Pensioners warned they’ve been overtaxed by £1BILLION - how to claim money back
Published: 27/04/2023- 15:41
Pensioners in Britain have been warned that they could have paid £1.01billion more in tax on their pensions than they should have, according to the latest figures.
Since pension flexibility reforms were introduced in 2015, savers who make an early withdrawal from a ‘defined contribution’ pension pot are taxed extra by HMRC.
In this case, HMRC would issue an emergency tax rate that presumes the person will withdraw that amount from their pension pot every month.
For example, if someone takes out £10,000 from their pension pot one month, HMRC would tax them as if they were taking out £120,000 that year.
HMRC have received 15,800 tax refund claimsPexels
To retrieve this cash from the taxman, pensioners either have to lodge a claim directly with HMRC or wait for HMRC to review self-assessment payments and issue a refund.
In the first three months of this year, 15,800 people have taken matters into their own hands by sending in tax refund claims, leading to a payout of £48.5million.
HMRC does not publish the number of those who have received a refund after internal reviews, which means the £1billion might well be higher.
Sir Steve Webb, a former pensions minister and now partner at LCP, described the system as a "disgrace" and said reform was "long overdue".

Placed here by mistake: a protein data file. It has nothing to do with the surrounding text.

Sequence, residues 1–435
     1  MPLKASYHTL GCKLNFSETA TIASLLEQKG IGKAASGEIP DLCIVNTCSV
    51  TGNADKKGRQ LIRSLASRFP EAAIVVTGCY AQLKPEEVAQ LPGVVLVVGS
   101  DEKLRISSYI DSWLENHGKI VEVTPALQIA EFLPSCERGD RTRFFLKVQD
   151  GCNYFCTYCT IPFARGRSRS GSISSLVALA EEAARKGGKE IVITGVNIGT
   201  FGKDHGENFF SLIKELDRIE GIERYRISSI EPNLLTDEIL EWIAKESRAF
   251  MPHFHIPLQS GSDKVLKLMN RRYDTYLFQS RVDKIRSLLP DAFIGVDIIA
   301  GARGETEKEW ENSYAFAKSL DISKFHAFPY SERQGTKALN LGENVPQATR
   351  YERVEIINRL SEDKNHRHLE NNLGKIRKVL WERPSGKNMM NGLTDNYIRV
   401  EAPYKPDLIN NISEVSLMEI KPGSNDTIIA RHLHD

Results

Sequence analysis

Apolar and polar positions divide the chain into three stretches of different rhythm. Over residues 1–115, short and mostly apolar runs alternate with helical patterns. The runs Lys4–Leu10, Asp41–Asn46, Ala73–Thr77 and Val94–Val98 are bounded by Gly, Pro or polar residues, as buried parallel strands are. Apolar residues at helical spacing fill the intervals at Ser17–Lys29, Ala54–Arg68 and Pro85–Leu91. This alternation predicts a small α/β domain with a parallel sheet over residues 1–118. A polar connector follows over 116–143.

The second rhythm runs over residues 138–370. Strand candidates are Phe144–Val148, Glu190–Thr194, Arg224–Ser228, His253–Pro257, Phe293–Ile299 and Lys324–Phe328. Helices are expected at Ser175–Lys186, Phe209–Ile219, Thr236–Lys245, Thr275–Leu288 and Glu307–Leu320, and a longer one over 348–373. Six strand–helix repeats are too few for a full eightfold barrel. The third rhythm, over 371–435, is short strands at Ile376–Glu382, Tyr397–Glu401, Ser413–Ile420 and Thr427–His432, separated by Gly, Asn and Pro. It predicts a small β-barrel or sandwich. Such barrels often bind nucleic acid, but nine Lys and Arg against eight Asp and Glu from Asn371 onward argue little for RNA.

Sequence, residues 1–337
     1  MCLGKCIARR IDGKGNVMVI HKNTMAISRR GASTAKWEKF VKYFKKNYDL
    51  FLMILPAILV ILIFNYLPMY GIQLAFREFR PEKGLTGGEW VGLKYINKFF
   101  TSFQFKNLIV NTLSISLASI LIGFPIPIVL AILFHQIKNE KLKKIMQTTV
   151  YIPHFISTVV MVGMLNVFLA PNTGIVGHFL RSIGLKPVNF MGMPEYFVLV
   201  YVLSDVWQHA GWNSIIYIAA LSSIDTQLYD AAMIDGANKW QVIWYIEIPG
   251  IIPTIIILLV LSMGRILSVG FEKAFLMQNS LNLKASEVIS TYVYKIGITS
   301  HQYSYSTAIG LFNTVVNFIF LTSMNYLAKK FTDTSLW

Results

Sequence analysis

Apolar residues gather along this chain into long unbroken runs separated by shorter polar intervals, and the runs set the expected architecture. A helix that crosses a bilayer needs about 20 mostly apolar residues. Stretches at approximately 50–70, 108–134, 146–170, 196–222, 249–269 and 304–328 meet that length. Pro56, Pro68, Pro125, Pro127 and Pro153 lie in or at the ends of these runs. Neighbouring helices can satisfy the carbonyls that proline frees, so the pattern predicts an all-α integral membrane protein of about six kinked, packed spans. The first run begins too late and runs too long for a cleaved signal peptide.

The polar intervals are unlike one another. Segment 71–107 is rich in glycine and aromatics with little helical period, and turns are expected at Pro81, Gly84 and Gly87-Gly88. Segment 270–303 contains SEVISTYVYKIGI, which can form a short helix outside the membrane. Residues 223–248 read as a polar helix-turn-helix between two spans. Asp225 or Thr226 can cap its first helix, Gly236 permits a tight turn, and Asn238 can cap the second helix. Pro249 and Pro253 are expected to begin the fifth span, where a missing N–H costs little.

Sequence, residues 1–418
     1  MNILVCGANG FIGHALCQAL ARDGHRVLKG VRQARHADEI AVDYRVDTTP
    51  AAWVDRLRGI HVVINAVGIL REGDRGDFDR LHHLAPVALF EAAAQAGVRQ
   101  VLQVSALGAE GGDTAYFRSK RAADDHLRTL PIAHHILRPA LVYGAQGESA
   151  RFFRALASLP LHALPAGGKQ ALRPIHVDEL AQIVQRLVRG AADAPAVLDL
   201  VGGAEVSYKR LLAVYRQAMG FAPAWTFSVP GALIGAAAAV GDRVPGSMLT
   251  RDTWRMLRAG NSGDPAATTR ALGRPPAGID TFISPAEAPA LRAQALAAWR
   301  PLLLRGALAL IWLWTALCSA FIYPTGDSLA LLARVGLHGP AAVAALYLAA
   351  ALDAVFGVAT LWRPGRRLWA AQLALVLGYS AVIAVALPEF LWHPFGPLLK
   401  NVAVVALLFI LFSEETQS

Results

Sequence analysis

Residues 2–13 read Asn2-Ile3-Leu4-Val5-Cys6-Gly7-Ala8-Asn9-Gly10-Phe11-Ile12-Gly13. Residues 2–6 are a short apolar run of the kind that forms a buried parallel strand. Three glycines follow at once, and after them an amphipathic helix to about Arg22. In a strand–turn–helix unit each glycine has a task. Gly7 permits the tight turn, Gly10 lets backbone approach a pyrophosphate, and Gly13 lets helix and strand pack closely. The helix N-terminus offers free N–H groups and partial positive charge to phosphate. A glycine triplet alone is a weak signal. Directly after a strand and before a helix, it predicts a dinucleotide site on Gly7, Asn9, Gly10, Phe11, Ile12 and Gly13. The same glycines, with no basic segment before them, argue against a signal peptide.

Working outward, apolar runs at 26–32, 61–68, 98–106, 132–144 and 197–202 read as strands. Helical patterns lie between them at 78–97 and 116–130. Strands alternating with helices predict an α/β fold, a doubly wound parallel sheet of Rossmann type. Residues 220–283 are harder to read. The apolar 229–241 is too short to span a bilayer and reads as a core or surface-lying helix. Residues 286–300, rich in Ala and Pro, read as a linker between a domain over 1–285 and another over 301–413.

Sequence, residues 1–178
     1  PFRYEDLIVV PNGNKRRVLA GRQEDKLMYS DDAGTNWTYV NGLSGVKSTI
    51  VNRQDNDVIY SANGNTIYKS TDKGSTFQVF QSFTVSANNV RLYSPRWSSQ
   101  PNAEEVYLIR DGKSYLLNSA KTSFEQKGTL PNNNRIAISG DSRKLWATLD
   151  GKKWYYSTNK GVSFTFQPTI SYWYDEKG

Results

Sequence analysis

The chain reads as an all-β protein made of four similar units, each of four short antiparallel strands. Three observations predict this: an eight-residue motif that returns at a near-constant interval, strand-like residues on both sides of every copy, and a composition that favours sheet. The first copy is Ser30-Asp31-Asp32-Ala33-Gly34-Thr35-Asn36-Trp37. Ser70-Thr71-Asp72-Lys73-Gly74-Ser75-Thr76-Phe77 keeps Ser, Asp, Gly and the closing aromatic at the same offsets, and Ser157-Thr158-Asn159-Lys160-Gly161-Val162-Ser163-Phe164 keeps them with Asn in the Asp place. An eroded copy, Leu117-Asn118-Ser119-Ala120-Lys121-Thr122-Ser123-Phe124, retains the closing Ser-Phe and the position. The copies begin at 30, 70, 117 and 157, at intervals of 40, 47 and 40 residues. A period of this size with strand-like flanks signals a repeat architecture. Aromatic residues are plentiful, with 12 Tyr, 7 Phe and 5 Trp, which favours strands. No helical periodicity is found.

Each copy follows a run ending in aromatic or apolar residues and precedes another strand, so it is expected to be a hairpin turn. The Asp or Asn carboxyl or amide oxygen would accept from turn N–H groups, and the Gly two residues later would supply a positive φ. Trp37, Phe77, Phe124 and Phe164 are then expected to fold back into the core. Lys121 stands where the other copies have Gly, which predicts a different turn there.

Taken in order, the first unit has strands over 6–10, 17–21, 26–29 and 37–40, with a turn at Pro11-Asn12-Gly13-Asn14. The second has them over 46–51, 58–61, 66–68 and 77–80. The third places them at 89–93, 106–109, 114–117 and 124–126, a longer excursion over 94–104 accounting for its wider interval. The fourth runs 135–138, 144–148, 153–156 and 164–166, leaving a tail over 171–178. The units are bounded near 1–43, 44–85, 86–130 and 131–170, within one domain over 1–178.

He added: "A system based on systematic over-taxing of pension savers cannot be right.
"There is no good reason why citizens who access their pension should have to go through the hassle of claiming back excess taxation which they should never have had to pay in the first place.
"We are not talking about small sums, with over £1billion being paid back by HMRC so far.
"Reform of the system is long overdue so that it works to the benefit of pension savers and not the Treasury.”
Sir Steve Webb previously speaking to GB News about state pensionsGB News
Webb previously warned GB News viewers of agonising wait as key state pension decision was "punted into the long grass".
It is important to note that people might not be permanently out of pocket, but it can take several months before the emergency tax is corrected.
An HMRC spokesperson said: "Nobody overpays tax as a result of taking advantage of pension flexibility.
"We will automatically repay anyone who pays too much because they’re on an emergency tax code.
“Individuals can claim back any overpayment earlier if they wish."